"We were vaguely aware of security concerns around work with pathogens or toxic chemicals, but that did not relate to us; we primarily operate in a virtual setting. Our work is rooted in building machine learning models for therapeutic and toxic targets to better assist in the design of new molecules for drug discovery. We have spent decades using computers and AI to improve human health—not to degrade it. We were naive in thinking about the potential misuse of our trade, as our aim had always been to avoid molecular features that could interfere with the many different classes of proteins essential to human life. Even our projects on Ebola and neurotoxins, which could have sparked thoughts about the potential negative implications of our machine learning models, had not set our alarm bells ringing...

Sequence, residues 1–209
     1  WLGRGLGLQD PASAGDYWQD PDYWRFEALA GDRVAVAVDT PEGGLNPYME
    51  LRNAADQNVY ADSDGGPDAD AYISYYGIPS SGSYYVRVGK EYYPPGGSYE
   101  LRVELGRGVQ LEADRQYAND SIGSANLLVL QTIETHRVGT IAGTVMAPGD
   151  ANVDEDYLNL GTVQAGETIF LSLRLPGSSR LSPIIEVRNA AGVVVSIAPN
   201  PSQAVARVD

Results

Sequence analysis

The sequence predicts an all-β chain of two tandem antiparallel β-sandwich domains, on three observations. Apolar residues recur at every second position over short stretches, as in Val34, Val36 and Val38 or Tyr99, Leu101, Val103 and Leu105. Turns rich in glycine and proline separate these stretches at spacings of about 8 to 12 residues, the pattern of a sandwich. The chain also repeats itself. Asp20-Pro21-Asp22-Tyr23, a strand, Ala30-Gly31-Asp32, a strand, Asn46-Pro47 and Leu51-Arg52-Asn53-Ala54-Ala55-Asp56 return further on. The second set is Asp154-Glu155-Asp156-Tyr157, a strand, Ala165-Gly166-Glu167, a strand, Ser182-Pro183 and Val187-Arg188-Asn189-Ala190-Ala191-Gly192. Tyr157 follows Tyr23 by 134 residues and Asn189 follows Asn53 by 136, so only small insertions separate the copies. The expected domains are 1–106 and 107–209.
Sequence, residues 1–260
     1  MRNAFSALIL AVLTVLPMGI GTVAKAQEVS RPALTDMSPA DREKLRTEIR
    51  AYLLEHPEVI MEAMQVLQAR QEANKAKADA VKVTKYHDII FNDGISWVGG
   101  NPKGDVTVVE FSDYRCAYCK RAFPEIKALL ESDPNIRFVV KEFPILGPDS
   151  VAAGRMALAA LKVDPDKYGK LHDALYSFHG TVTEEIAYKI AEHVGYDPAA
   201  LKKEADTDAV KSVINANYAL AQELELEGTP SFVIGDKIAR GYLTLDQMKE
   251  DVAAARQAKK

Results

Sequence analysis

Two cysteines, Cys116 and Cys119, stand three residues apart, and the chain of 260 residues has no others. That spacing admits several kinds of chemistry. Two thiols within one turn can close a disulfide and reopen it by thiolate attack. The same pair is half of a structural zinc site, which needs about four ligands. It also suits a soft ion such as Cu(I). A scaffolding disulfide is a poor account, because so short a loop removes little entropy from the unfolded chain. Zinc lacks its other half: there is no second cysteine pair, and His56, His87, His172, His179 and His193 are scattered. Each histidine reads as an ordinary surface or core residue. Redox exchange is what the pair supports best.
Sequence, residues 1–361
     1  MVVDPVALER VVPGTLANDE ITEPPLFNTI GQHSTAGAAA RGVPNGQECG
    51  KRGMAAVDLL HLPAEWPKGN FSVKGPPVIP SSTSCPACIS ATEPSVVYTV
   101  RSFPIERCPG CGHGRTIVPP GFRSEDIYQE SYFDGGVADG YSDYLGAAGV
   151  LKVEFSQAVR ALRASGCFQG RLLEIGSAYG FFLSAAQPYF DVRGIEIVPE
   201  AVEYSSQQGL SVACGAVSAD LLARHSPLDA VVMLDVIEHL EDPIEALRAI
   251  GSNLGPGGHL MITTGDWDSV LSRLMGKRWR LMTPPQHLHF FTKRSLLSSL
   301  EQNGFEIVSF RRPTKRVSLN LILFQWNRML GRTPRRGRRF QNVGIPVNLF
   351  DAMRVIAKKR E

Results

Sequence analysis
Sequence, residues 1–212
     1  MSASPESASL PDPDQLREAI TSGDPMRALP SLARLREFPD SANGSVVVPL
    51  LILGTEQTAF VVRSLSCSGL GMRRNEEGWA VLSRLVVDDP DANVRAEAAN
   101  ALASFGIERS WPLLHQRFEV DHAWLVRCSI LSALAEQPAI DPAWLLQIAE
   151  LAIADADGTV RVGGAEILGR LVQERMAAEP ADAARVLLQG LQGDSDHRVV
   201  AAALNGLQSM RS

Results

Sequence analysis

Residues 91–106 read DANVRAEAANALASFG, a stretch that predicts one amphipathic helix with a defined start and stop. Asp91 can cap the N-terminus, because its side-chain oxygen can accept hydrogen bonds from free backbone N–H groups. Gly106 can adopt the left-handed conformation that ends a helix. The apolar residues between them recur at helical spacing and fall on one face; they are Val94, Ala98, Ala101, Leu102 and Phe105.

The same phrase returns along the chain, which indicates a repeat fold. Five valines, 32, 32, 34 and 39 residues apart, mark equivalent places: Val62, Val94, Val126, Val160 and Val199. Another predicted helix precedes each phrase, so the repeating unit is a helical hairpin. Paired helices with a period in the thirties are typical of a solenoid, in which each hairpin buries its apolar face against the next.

...Our toxicity models were originally created for use in avoiding toxicity, enabling us to better virtually screen molecules (for pharmaceutical and consumer product applications) before ultimately confirming their toxicity through in vitro testing. The inverse, however, has always been true: the better we can predict toxicity, the better we can steer our generative model to design new molecules in a region of chemical space populated by predominantly lethal molecules. We did not assess the virtual molecules for synthesizability or explore how to make them with retrosynthesis software. For both of these processes, commercial and open-source software is readily available that can be easily plugged into the de novo design process of new molecules7. We also did not physically synthesize any of the molecules; but with a global array of hundreds of commercial companies offering chemical synthesis, that is not necessarily a very big step, and this area is poorly regulated, with few if any checks to prevent the synthesis of new, extremely toxic agents that could potentially be used as chemical weapons. Importantly, we had a human in the loop with a firm moral and ethical ‘don’t-go-there’ voice to intervene. But what if the human were removed or replaced with a bad actor? With current breakthroughs and research into autonomous synthesis8, a complete design–make–test cycle applicable to making not only drugs, but toxins, is within reach. Our proof of concept thus highlights how a nonhuman autonomous creator of a deadly chemical weapon is entirely feasible."